Weekly Commentary 04 August 2021
Weekly Market Commentary
There were strong gains for US and European equities in July, but Asia ex-Japan lagged due to concerns over Chinese technology regulation
July closed out a strong month for European and US equities, while commodities continued to make gains even as the ‘reflation’ trade cooled. Asia ex-Japan equities underperformed, with Chinese indices not helped by risk aversion around tougher regulation being introduced by Beijing in strategically important sectors.
This will be a key week for the US infrastructure bill, which lawmakers hope to pass ahead of the summer recess
A series of central bank meetings are due to be held this week, as well as it being a key week for the US physical infrastructure bill which needs to gather momentum in Congress with the summer recess looming. On the infrastructure bill, US senators have now agreed the text of a bipartisan bill so, barring amendments, lawmakers are hopeful it can pass this week.
In terms of central banks, the Bank of England’s meeting on Thursday will be the week’s highlight. While no change is expected at this meeting, it will need to address CPI inflation, which is currently above the Bank’s formal target. The Bank of England has been more hawkish than some other major central banks. Nonetheless, we expect this meeting to stick to a transitory inflation narrative with a nod to clearer guidance later in the year. The Reserve Bank of Australia is also meeting this week, and it is expected to pause its asset purchase tapering given the ongoing lockdowns in the country.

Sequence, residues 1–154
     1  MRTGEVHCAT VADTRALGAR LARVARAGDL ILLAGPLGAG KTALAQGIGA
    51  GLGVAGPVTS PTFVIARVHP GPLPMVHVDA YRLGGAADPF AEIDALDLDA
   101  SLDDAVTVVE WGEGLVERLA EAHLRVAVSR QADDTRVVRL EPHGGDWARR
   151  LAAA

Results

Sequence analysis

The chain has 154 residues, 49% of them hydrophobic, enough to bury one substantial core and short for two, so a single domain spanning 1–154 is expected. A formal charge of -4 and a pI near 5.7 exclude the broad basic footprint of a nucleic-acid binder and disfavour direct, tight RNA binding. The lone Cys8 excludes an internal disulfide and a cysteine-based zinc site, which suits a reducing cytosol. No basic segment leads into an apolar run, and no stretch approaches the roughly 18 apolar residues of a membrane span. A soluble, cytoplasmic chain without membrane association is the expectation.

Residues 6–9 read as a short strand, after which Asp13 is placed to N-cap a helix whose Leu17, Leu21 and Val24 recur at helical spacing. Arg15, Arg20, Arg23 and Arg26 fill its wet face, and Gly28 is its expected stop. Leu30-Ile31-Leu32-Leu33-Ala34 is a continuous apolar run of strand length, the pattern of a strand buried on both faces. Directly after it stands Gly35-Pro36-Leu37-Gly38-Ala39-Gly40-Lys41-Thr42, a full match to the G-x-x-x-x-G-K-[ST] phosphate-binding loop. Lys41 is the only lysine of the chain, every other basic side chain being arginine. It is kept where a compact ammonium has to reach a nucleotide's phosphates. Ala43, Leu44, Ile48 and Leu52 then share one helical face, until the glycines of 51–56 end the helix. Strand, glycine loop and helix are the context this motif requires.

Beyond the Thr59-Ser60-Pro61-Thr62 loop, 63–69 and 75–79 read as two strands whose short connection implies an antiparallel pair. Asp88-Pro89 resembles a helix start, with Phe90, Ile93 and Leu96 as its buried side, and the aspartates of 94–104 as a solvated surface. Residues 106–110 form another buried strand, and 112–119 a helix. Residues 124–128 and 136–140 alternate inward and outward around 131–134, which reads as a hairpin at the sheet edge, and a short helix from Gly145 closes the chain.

The US employment report due on Friday will be the last before the Jackson Hole symposium
In terms of data, all eyes will be on the US non-farm payroll report, which will be released on Friday. The US Federal Reserve (Fed) has clearly stated, from the start of the pandemic, that employment levels are a key metric and that space capacity in the labour market was a primary factor for ongoing support. The point often made by Jerome Powell, the Fed’s chair, is that headline employment has improved, but the experience has been very different for lower wage workers. By shifting the requirements to a more balanced jobs recovery, the Fed has caused the bond market to price in only a gradual withdrawal of support over the next 12 months. Given that the tapering discussions have begun, however, and the all-important Jackson Hole meeting is almost upon us, this will be a closely watched employment report.
Despite investors moving into peak holiday season, we have a blockbuster week of central bank policy, fiscal policy, US earnings and key data releases. We still believe the hurdle to shift markets away from their transitory inflation narrative is high, but this will be an important week to test sentiment in the quieter summer weeks.
The Week In Numbers